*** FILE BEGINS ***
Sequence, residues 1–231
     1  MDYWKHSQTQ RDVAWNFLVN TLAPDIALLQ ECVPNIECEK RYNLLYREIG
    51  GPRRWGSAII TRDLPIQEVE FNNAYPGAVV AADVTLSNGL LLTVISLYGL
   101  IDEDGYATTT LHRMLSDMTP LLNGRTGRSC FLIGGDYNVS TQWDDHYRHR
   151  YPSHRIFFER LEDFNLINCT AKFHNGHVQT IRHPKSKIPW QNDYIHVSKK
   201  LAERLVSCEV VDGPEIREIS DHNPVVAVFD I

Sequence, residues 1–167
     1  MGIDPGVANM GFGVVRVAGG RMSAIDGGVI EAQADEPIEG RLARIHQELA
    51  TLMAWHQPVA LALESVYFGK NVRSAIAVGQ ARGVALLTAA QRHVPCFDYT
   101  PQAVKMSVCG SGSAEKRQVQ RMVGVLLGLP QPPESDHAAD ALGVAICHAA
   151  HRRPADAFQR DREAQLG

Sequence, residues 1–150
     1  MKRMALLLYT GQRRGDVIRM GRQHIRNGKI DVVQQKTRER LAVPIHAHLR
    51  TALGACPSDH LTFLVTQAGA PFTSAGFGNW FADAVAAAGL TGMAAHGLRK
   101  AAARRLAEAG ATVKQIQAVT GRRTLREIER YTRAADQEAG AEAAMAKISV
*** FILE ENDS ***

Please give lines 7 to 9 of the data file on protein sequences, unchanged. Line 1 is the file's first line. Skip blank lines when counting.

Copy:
Sequence, residues 1–167
     1  MGIDPGVANM GFGVVRVAGG RMSAIDGGVI EAQADEPIEG RLARIHQELA
    51  TLMAWHQPVA LALESVYFGK NVRSAIAVGQ ARGVALLTAA QRHVPCFDYT